February 3, 2022
By Molly Hurford
Cyclocross World Championships took place in Fayetteville, Arkansas, this past weekend, and Team Canada was there in full force with 26 racers, including quite a few racers from Ontario. In the junior men’s and women’s races, Ontario athletes shined. Here’s how all the Ontario athletes did at the race:
This year, a Team Relay was added to Cyclocross World Championships, and while only seven teams competed, the racing was fast and furious at the first race of the weekend.
Canada fielded two teams, and ‘Team Eh’ finished in fourth place with Ontario’s Ava Holmgren and Owen Clark along with Michael van den Ham and Sidney McGill.
The junior women started the races off on Saturday at Worlds, and Ava Holmgren had a fantastic start to her race, sitting in second place for a lap. She eventually finished in seventh place. “I might have gone out a little too hard on the start, but it was good being near the front and it gave me that little bit of extra confidence,” she told Canadian Cyclist after the race. “I’m so happy that my first world champs was in North America, because I got to hear my friends and family at the side of the course cheering me on.
It was so great having their support here. I just amazed at how everything went, and so happy with my race right now.” Her sister Isabella Holmgren had a great second half of the race, moving up to eighth place and finishing right behind Ava. The two girls were the only two North Americans in the top 10. Fellow Ontarian Kiara Lylyk finished in 22nd.
There were four Ontario athletes in the U23 men’s race: Matt Leliveld finished 35th, Noah Ramsay was 38th, and Owen Clark came in 39th.
Ontario’s Katelyn Walcroft and Kelly Lawson both finished down laps, but with the three Dutch riders who took gold, silver and bronze, the racing speed was incredibly high for this event!
Ontario racer Ruby West was on the start line for her first Worlds in the elite field after having great success as a U23 rider. She ultimately finished 23rd, and admitted later in an interview that, “I’ve been racing in the elite category for World Cups, and in the States for a bunch of years now. And so I think, deep down, I thought that this race wasn’t going to be any different. But it was a whole other level.” Behind her, Siobhan Kelly of London, ON, finished down one lap.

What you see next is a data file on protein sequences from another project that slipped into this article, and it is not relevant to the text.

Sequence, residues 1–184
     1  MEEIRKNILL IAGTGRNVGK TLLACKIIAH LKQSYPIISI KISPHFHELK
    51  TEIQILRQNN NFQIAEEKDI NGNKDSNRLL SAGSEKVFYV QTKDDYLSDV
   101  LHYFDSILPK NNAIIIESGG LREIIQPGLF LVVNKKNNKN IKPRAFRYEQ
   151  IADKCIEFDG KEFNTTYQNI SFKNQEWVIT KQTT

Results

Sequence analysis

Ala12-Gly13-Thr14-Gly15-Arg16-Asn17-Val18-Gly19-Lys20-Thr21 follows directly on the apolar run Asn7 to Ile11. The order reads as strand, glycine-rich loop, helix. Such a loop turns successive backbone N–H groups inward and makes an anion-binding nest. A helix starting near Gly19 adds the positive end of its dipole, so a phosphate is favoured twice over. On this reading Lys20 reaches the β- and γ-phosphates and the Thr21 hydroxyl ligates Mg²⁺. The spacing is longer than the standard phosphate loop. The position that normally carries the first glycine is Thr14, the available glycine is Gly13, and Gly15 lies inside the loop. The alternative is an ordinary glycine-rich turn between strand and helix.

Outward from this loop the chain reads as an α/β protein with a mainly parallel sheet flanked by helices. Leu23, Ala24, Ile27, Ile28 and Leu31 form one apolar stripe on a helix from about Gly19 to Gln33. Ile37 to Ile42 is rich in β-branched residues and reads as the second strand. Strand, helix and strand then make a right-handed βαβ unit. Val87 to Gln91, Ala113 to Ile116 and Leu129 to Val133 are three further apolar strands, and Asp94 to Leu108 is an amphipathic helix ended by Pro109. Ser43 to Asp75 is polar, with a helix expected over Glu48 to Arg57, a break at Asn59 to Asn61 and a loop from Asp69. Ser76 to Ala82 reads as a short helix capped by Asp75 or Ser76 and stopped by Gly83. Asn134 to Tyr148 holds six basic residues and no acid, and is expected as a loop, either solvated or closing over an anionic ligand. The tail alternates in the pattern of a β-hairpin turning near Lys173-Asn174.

Alberta’s Michael Van den Haam was top Canadian (25th place) in the race that was dominated by Great Britain’s Thomas Pidcock. Behind him, Uxbridge, ON’s Tyler Orschel came in 27th with Malcolm Barton in 32nd and Brody Sanderson in 33rd.
In the junior men’s race, Ian Ackert of Severn, ON, was the news topic of the day. After a start line crash set him in last place by over a minute, he got up, adjusted his bike, aimed for the pits, and sped his way up to the back of the field, then continued to pick riders off through the race, ultimately finishing in an amazing eighth place.
His fastest lap time was faster than the fastest U23 lap the day prior, and he still managed to ‘win’ a sprint finish against David Haverdings, a racer who was projected to win the event. Behind him, Orangeville, ON, rider Luke Valenti also had a great race, coming in 12th. Fellow Orangeville native Theo DeGroote came in for 29th, while Alexander Woodford of Ottawa was 27th.
About the writer
Molly Hurford is a journalist in love with all things cycling, running, nutrition and movement-related. When not outside, she’s writing about being outside and healthy habits of athletes and interviewing world-class athletes and scientists for The Consummate Athlete podcast and website, and most recently launched the book ‘Becoming A Consummate Athlete.‘ She’s the author of multiple books including the Shred Girls, a young adult fiction series and online community focused on getting girls excited about bikes.
Molly is a little obsessed with getting people psyched on adventure and being outside, and she regularly hosts talks and runs clinics for cyclists and teaches yoga online and IRL… And in her spare time, the former Ironman triathlete now spends time tackling long runs and rides on trails or can be found out hiking with her mini-dachshund DW and husband, cycling coach and kinesiologist Peter Glassford.